Following several devastating fires in recent years in Bergen County, New Jersey, local leaders are taking a step in the right direction towards building a safer community. On Wednesday, the Bergen County Board of Freeholders voted in support of a resolution to endorse statewide legislation to amend the state’s construction code for fire safety reasons, working to protect firefighters and residents alike. The county’s endorsement follows similarly adopted measures across New Jersey, including in Union, Gloucester, Camden, Hudson and Essex Counties. Bergen County’s endorsement means that over half of New Jerseyans’ representation supports a state-wide resolution.
The adopted resolution supports Assembly Bill 135 and Senate Bill 1261, legislation that calls for the installation of an automatic sprinkler system in accordance with NFPA 13, measuring the number of stories from the grade plane, using noncombustible materials for construction, and installing a fire barrier with a fire resistance rating of at least two hours that extends from the foundation to the roof.
“Bergen County has already seen enough tragedy at the hand of preventable building fires, and we haven’t forgotten,” said Jim Tedesco, the Bergen County Executive. “Prevention is always the best strategy, and pressing for stronger, safer building codes and non-combustible materials is the easiest way to protect our community. We’re confident that state lawmakers understand the severity of our concern and will act quickly.”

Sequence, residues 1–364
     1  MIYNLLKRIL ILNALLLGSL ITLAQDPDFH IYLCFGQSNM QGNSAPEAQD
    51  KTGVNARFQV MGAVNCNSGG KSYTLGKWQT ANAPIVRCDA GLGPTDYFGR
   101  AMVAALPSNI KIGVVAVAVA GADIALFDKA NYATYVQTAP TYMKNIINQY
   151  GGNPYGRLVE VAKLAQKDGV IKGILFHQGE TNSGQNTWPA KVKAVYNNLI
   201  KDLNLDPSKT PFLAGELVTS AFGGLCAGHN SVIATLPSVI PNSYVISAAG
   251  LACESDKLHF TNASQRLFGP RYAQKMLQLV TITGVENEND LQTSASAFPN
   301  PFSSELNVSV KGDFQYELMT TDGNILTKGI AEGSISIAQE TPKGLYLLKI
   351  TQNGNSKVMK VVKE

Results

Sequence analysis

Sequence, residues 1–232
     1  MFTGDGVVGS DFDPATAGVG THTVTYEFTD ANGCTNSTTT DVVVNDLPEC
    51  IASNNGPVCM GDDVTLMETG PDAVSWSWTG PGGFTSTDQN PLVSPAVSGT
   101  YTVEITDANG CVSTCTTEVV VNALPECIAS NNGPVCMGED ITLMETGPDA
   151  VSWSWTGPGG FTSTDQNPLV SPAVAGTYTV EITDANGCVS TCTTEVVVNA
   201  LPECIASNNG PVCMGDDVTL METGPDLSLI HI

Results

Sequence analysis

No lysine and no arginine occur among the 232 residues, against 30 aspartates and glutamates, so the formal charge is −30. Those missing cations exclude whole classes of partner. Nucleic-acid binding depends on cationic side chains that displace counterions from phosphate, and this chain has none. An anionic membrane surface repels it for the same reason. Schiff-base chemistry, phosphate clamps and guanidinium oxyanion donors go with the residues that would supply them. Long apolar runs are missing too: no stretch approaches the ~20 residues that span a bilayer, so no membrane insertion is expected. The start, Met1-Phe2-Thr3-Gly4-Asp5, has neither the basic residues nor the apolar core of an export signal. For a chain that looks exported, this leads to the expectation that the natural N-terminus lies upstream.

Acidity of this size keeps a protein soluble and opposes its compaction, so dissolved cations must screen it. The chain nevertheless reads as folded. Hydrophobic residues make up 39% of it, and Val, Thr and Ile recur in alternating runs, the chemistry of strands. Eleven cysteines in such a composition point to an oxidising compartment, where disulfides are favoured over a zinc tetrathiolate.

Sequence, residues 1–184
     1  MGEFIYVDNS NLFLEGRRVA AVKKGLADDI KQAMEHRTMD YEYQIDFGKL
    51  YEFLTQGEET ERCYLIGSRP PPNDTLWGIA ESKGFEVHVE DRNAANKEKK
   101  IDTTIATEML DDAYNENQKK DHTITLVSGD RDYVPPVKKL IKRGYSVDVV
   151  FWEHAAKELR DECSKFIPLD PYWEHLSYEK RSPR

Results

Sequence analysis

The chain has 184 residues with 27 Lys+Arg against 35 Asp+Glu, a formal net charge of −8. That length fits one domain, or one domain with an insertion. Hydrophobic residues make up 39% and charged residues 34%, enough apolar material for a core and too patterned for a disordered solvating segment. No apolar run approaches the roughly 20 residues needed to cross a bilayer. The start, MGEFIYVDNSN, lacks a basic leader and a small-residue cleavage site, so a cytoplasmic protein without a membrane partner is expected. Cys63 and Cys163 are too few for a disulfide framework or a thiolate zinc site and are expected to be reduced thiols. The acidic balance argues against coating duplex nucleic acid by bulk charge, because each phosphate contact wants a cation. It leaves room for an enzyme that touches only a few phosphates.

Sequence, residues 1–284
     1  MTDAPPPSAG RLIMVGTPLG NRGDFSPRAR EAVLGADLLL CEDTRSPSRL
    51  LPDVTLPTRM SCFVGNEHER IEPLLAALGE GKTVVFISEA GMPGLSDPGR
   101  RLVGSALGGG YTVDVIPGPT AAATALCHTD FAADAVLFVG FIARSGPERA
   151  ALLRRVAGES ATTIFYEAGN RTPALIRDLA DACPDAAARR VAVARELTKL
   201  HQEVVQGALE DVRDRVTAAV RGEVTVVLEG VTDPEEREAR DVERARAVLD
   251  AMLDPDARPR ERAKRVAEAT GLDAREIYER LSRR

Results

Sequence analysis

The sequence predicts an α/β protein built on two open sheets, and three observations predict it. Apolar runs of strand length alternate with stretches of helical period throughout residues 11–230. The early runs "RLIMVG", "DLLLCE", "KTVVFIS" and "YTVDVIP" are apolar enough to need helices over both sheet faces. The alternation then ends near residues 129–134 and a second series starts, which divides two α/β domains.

This resolution follows several shocking building fires across the county. In January 2015, a massive five-alarm fire in Edgewater destroyed over half of a 408-unit apartment building, leaving over 500 residents homeless or displaced. One fire chief cited lightweight wood construction as a primary reason for the spread of the blaze. In 2017, a six-alarm fire at a complex in Maplewood using the same construction method destroyed more than two-thirds of the units under construction. Nearby Lakewood, NJ Firefighters battled intense flames that engulfed a senior living community. Nine people were injured, including eight police officers and first responders.
“The resolution passed in Bergen County is part of a statewide push for stronger building regulations and a more resilient New Jersey,” said Ed Donnelly, president of the New Jersey State Firefighters’ Mutual Benevolent Association (FMBA). “More robust building codes are the first step to keeping our families and our first responders safe from harm.”
Build with Strength works with communities, lawmakers, and industry employees to advocate for safer, sustainable building materials. Strengthening local and national building codes is among the organization’s top priorities.